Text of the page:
Learn All About Aortic Dissection

According to studies, 75% of patients with aortic dissection die before reaching the hospital. Without treatment, the mortality rate is 90% in the first three months. 
Learn all about aortic dissection

Aortic dissection is a very serious type of trauma. Unfortunately, this type of traumatic aortic fracture manifests itself. Taken together, these injuries are directly responsible for between 16 and 40% of deaths, surpassed only by head trauma.

Traffic accidents are among the most common causes of this condition as well as falling objects.

According to studies, 75% of patients with aortic dissection die before reaching the hospital. Without treatment, the mortality rate approaches 90% in the first three months. The chances of survival are determined by the severity of the dissection, associated injuries and the treatment used.

Classification of aortic dissection

Aortic dissection: The heart

In general, physicians determine the appropriate treatment based on a classification of several types:

  • Class I. These dissections are treated with beta-blockers and monitored until they stabilize or disappear.
  • Class II. These require immediate surgery. In addition, they also include those who are being held in place by pseudoaneurysms. Nevertheless, they still present secondary signs of severe dissection.
  • Finally, there is intramural hemotoma or penetrating ulcer. In these cases, the treatment depends on other factors. These include dissection stability, the absence of secondary signs of severity, and other associated injuries.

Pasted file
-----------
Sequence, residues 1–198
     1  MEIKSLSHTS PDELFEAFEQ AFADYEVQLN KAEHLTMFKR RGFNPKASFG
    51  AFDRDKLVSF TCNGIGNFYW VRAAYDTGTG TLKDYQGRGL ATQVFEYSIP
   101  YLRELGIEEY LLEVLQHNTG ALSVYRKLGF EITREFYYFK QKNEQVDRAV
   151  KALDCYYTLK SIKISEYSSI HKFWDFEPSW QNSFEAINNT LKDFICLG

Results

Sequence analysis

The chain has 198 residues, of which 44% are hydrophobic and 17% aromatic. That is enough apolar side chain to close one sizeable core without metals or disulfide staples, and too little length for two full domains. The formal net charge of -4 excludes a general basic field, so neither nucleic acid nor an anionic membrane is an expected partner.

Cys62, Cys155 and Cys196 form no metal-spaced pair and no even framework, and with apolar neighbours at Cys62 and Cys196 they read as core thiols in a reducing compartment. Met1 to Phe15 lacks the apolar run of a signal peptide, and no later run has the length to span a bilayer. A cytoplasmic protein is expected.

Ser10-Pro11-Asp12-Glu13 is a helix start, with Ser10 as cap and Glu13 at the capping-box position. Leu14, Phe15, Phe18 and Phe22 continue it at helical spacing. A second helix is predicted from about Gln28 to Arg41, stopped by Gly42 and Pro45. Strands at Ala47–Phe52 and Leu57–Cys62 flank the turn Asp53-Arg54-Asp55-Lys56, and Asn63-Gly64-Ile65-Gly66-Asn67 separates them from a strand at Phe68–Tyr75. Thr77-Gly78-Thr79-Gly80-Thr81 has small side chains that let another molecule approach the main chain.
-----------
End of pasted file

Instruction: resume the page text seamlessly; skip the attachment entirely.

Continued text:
Symptoms of aortic dissection

The patient’s symptoms will also influence the choice of treatment. Here we will highlight the associated signs of severe aortic dissection and dissection stability.

These include:

  • Pseudo-coarctation. An abnormality in the aorta.
  • Severe bruising.
  • Massive left hemothorax.
  • The size of the pseudoaneurysm or involvement of more than 50% of the circumference.

Unfortunately, these factors increase the degree of aortic dissection. Therefore, they need urgent surgery, while their absence allows for optional treatment. Another factor of similar importance is hypotension before the hospital visit.



In recent years , there has been a revolution in both diagnosis and treatment options. It has thus evolved along with multidetector technology and the introduction of new endovascular surgery techniques.

This has made it possible for small dissections not to go unnoticed. It has also led to a decrease in mortality that is directly related to choice of procedure and treatment time.

The natural development of aortic dissection depends on several variables. Although the type of dissection is a crucial factor, it is not the only one. These variables determine the need or appropriate time and treatment.

In short, there has been a revolution in the diagnosis of aortic dissection due to improvements in X-rays. Now doctors can identify a minimal aortic dissection that would previously have been hidden and is not always accompanied by bleeding.


There are three ways doctors treat this condition:

  • Medical treatment with beta-blockers, calcium channel blockers and vasodilators to lower blood pressure, often associated with anticoagulation.
  • Endovascular surgery.
  • Open surgical operation.

Physicians can perform the procedure immediately or on a semi-optional or scheduled basis. In terms of endovascular repair that has evolved in recent years, it leads to less surgery time, less need for transfusions and shorter hospital stays compared to patients undergoing open surgery.

These data suggest that this is a good idea as the chosen treatment for patients with favorable anatomy and even in children with thoracic aortic dissection.

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